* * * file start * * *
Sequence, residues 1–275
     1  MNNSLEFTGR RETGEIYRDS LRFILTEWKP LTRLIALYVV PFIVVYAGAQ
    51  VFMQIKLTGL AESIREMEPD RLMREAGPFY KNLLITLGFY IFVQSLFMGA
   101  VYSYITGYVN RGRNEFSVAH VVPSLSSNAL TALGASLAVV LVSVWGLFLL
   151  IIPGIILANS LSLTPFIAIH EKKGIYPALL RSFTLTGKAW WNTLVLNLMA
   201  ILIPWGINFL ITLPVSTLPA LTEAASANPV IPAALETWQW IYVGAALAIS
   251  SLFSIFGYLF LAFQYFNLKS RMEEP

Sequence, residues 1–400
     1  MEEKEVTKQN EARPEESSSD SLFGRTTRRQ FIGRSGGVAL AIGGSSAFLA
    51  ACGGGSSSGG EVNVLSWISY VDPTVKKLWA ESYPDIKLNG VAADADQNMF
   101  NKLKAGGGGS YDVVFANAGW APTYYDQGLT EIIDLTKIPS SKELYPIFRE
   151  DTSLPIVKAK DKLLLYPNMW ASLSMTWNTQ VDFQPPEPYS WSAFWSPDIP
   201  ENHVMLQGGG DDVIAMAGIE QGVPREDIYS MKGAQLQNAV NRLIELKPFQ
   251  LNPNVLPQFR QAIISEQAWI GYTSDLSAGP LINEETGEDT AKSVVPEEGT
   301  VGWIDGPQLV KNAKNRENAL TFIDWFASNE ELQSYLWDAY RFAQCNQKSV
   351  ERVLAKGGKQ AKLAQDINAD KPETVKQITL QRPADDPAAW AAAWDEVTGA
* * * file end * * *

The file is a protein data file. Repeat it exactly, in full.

Sequence, residues 1–275
     1  MNNSLEFTGR RETGEIYRDS LRFILTEWKP LTRLIALYVV PFIVVYAGAQ
    51  VFMQIKLTGL AESIREMEPD RLMREAGPFY KNLLITLGFY IFVQSLFMGA
   101  VYSYITGYVN RGRNEFSVAH VVPSLSSNAL TALGASLAVV LVSVWGLFLL
   151  IIPGIILANS LSLTPFIAIH EKKGIYPALL RSFTLTGKAW WNTLVLNLMA
   201  ILIPWGINFL ITLPVSTLPA LTEAASANPV IPAALETWQW IYVGAALAIS
   251  SLFSIFGYLF LAFQYFNLKS RMEEP

Sequence, residues 1–400
     1  MEEKEVTKQN EARPEESSSD SLFGRTTRRQ FIGRSGGVAL AIGGSSAFLA
    51  ACGGGSSSGG EVNVLSWISY VDPTVKKLWA ESYPDIKLNG VAADADQNMF
   101  NKLKAGGGGS YDVVFANAGW APTYYDQGLT EIIDLTKIPS SKELYPIFRE
   151  DTSLPIVKAK DKLLLYPNMW ASLSMTWNTQ VDFQPPEPYS WSAFWSPDIP
   201  ENHVMLQGGG DDVIAMAGIE QGVPREDIYS MKGAQLQNAV NRLIELKPFQ
   251  LNPNVLPQFR QAIISEQAWI GYTSDLSAGP LINEETGEDT AKSVVPEEGT
   301  VGWIDGPQLV KNAKNRENAL TFIDWFASNE ELQSYLWDAY RFAQCNQKSV
   351  ERVLAKGGKQ AKLAQDINAD KPETVKQITL QRPADDPAAW AAAWDEVTGA